Binod Neupane of Dang, Nepal was among the first student cohort to earn a University of Maine Master of Science degree in Forest Resources with a focus on Industrial Ecology, Life Cycle Assessment and Systems Sustainability in May 2011, and was the 2011 recipient of the College of Natural Science, Forestry, and Agriculture’s Outstanding Master Student award. He is continuing his studies in the field as a UMaine Ph.D. student.
Why did you decide to attend the University of Maine?
While I was doing my undergraduate in forestry in Nepal, I always had a desire to pursue advanced studies in alternative fuels produced from forest biomass. Upon completion of my undergraduate degree, I was looking for an opportunity for further study. And I came to know that UMaine is one of the leading institutes in the bioenergy research sector. The reason that I came to UMaine is largely due to its research environment.
Why Forest Resources, Industrial Ecology, Life Cycle Assessment and Systems Sustainability?
Industrial ecology (IE) and Life Cycle Assessment (LCA) are the tools to look at the impacts — particularly environmental impacts — of a product or product service across its life cycle. I wanted to assess the environmental impacts of bioethanol production using these tools. I chose to pursue further study in this program because the knowledge both in forestry and industrial ecology was very important to me.
What are your future plans?
Currently, I am pursuing a Ph.D. in the same program here at UMaine. I plan to work and research further on sustainability of different alternative fuels in the future.
How did your UMaine experience shape who you are?
UMaine has highly motivated, experienced and research-oriented professors, especially professors working in the field of bioenergy. The opportunity to interact with them and their advanced level of guidance has shaped my research passion.
How has UMaine influenced your life?
UMaine has not only given me the degree, but also the opportunity to expand my career options. It has made me academically sound and professionally competent. I have learned many things from UMaine in the last two and half years. I hope to gain more and more in the rest of my stay here.
What is the most important thing about what you are doing now?
Global climate change, loss of biodiversity and depletion of fossil fuel stocks, etc., are highly discussed topics these days. During my master’s study, I assessed the impacts of forest-based bioethanol production. The important thing about this project was to calculate the environmental burdens of bioethanol and compare them with conventional gasoline. Further, I developed a conceptual methodological framework to account for the biodiversity impact, which lacks in the current LCA model.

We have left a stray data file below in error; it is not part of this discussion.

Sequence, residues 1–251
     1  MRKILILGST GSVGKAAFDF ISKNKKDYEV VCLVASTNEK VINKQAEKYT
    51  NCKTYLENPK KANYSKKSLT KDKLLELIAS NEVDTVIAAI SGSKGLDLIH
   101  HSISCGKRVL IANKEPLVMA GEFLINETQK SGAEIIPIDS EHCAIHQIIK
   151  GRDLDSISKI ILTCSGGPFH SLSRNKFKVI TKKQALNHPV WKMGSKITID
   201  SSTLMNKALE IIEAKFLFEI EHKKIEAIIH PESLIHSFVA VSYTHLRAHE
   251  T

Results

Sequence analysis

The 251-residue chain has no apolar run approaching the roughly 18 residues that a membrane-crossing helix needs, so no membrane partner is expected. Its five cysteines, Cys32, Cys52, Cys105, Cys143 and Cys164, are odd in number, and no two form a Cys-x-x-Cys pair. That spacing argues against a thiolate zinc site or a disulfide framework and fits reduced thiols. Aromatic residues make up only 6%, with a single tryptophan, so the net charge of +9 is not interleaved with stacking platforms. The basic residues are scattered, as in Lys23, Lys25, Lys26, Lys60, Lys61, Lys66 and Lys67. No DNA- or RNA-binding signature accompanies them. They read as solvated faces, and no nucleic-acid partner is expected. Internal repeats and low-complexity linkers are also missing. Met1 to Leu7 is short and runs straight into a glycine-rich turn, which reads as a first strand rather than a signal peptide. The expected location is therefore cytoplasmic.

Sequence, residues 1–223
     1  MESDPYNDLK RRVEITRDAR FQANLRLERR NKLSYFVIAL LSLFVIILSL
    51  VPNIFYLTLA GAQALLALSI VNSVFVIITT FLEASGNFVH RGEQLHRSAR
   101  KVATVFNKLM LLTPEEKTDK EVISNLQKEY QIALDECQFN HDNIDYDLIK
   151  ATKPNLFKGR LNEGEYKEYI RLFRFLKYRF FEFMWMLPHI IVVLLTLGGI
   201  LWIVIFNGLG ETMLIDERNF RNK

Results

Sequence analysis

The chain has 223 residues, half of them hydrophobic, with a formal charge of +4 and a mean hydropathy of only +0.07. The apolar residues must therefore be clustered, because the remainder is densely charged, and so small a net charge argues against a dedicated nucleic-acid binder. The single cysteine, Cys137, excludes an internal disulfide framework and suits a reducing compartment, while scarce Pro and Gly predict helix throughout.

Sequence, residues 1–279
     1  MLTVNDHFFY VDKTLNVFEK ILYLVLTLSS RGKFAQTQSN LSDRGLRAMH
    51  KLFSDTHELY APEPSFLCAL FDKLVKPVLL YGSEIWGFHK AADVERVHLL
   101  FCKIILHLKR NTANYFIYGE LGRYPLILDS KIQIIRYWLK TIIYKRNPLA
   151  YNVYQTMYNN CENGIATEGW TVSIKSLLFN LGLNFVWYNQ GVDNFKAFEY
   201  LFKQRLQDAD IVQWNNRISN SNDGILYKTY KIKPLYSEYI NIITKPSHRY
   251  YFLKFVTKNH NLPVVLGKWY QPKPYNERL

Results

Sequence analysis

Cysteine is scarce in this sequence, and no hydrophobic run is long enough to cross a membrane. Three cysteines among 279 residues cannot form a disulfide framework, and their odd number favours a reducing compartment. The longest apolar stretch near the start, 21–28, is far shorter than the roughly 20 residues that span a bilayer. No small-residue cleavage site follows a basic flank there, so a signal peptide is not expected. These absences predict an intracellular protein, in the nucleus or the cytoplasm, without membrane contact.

Now, for my PhD, I am looking at the overall aspects — economic, social and environmental aspects — of a bioethanol supply chain. I will model how agents involved in this supply chain interact at different levels. This is important to design a sustainable way of bioethanol production.
What is most exciting or rewarding?
The most exciting part of my work is to view the world from a different perspective. For example, the world in a dynamic fashion — in the case of bioethanol supply chain, it generally encompasses interconnected relationships between feedstock production, feedstock transportation, bioethanol production and transportation, and end use of bioethanol. Changes in any one of these components usually create waves of influence that affect the whole supply chain model. By simulating this, it is possible to see how the actors involved in the supply chain interact with each other and how they are interconnected. Interestingly, out of many possible scenarios developed from these interactions, we can choose one scenario that is environmentally friendly, economically viable and socially acceptable — in other words a “sustainable scenario.” This is so exciting and sometimes overwhelming too. Other most exciting and rewarding parts would be sharing ideas among the experts and other like-minded people of this field.
Your most memorable UMaine moment?
There are many, but, I have fresh memories of NSFA Award Banquet program where I received the 2011 Outstanding MS Student Award from the College of NSFA.
Favorite place on campus?
The best part of being at UMaine is it has many good places inside and outside the campus. Personally, I like the Bear’s Den, where you can mingle with others.
While in Orono, I spent too much time … in graduate reading rooms.
Favorite professor or mentor?
All of professors whom I worked with are great, knowledgeable and friendly. They have made remarkable impressions on me. Just to pick one, I like the mentorship of my own adviser, Dr. Anthony Halog.
Class that nearly did you in?
Actually, I liked all the classes I was enrolled in. However, when I was taking my first semester classes I was a bit lost for few days. It was totally a new education system and environment for me.
Best UMaine tradition?
I love the friendly nature of all UMaine faculty, staff and students.
If I knew then what I know now, I wouldn’t have … been an introvert in classes.
Advice to UMaine students today?
In a nutshell, I would say UMaine has a lot to offer so let’s explore!
Image Description: Binod Neupane